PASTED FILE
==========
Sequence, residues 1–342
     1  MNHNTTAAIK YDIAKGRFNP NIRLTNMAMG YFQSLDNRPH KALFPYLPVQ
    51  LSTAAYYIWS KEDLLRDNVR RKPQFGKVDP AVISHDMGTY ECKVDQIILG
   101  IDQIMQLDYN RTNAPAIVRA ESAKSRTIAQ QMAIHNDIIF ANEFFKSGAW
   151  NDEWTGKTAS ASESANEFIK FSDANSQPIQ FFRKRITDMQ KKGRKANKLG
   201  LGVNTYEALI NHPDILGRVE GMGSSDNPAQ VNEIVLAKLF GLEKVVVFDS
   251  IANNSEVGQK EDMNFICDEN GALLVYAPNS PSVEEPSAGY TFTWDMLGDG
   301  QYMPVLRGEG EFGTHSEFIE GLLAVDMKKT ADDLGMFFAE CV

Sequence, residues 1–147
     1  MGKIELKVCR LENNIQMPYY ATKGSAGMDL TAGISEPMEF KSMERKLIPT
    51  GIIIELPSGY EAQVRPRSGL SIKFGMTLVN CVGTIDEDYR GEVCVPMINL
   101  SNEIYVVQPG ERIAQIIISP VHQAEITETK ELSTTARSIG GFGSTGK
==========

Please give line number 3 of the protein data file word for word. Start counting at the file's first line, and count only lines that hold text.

    51  LSTAAYYIWS KEDLLRDNVR RKPQFGKVDP AVISHDMGTY ECKVDQIILG